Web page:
Does Samantha want more from her hookup in the first episode of Sex and the City?

Toward the end of the first episode, after Charlotte said goodbye to her date and Samantha said hello to him, it's obvious that the two are about to get it on. Capote Duncan takes her back to his apartment and as they are making out, he tells her she can't stay over, to which she says she's cool with that. However, there's a moment in that scene that you might not have caught the first time you watched the episode.

Even though Capote made it clear that he wants nothing more than sex from Samantha and she seemingly agreed, viewers can see something in her eye that could indicate that she wants more. Maybe not from the man she's currently with, but from someone. Perhaps Samantha's "friends with benefits" idea wasn't the ideal situation for her after all. That little glimpse into what Samantha wants might have gone unnoticed the first time you watched Sex and the City, but it's actually pretty obvious when you rewatch it.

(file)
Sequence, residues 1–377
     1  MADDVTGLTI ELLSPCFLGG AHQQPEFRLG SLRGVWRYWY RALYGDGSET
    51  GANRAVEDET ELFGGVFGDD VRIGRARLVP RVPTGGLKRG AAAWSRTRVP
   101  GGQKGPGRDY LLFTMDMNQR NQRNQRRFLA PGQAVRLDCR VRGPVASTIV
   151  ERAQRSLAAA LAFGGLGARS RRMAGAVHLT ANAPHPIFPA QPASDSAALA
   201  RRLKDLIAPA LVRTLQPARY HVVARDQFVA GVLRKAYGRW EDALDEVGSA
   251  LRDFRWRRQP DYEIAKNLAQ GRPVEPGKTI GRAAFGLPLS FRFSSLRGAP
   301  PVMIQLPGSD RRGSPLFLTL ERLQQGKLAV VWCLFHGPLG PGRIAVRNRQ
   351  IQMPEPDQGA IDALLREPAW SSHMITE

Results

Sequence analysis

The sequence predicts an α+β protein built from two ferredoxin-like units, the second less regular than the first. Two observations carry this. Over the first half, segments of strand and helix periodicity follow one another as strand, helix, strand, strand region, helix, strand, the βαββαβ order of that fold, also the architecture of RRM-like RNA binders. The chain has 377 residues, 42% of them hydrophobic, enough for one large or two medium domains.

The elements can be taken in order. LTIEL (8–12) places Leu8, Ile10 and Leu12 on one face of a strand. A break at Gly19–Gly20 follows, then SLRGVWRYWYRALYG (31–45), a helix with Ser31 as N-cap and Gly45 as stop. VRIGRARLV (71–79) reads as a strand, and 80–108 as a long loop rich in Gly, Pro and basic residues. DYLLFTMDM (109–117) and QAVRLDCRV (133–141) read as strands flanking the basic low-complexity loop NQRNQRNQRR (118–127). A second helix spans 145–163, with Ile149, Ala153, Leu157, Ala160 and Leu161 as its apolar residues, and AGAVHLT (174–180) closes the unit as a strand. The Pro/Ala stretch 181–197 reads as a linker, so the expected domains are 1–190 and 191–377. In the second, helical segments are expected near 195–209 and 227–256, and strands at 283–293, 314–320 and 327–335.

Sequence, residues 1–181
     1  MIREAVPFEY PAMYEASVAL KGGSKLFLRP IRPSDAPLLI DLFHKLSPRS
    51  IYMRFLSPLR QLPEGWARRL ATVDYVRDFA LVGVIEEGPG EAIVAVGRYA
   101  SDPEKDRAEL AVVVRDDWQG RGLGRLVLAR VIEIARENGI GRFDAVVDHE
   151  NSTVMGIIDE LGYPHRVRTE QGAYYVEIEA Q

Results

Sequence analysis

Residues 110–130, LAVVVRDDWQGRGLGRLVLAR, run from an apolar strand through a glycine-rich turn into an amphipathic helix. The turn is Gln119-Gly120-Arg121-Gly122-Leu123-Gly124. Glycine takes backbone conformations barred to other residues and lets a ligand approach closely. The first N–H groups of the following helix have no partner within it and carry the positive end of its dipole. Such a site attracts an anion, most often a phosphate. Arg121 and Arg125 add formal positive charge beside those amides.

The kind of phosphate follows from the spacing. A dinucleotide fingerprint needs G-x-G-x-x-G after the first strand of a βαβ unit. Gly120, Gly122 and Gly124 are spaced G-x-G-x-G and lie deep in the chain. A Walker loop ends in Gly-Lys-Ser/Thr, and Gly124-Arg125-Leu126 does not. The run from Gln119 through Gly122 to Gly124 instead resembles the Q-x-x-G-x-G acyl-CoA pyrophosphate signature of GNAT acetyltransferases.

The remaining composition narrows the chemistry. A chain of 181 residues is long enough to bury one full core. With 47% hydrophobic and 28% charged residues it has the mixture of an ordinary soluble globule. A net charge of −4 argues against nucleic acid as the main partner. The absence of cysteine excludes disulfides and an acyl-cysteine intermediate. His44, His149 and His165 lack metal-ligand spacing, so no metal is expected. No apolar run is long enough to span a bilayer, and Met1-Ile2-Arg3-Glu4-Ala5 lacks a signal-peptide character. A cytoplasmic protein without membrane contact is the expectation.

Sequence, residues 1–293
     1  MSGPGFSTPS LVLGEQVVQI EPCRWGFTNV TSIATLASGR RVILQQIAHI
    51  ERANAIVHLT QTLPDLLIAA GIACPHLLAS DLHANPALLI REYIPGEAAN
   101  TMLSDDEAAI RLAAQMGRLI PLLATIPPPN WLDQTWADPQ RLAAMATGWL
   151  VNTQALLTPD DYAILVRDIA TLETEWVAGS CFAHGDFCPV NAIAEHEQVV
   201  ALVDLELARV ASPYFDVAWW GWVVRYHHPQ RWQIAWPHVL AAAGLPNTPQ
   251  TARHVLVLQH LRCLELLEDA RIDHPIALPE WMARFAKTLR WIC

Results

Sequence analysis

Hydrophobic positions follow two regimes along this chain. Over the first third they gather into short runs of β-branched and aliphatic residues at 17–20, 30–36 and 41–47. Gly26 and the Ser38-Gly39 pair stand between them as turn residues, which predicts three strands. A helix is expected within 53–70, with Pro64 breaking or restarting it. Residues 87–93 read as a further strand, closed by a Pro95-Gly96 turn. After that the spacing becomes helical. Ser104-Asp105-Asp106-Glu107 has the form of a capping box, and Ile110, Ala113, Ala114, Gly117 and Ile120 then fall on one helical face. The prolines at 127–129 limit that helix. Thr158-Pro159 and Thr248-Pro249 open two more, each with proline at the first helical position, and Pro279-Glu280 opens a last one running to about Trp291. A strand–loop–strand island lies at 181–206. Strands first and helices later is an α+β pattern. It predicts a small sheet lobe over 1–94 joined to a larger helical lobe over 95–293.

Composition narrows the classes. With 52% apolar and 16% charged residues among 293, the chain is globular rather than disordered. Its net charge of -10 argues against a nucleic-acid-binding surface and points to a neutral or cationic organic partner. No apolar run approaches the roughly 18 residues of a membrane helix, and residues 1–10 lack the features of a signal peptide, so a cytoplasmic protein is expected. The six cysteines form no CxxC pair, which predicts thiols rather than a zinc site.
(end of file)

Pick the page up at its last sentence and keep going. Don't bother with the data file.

The way Carrie describes her job is comical in the first episode of Sex and the City

There are no shortage of jokes about just how unrealistic Carrie Bradshaw's job is in Sex and the City. She's a columnist who writes about sex and dating in New York City and somehow that manages to pay well enough for her to have her own apartment, buy designer ensembles, and constantly go out drinking with her friends. All in one of the most expensive cities in the world. Yeah, it doesn't make a lot of sense. But what's also pretty comical about Carrie's job is the way she describes it in the first episode of Sex and the City.

In one scene, at the end of the night when she gets into a town car with Mr. Big, she is asked what she does. Carrie ever-so-cooly responds, "Well, this is my work. I'm sort of a sexual anthropologist." Um, what? Honestly, this scene may just cement the fact that people don't find Carrie's character all that likable.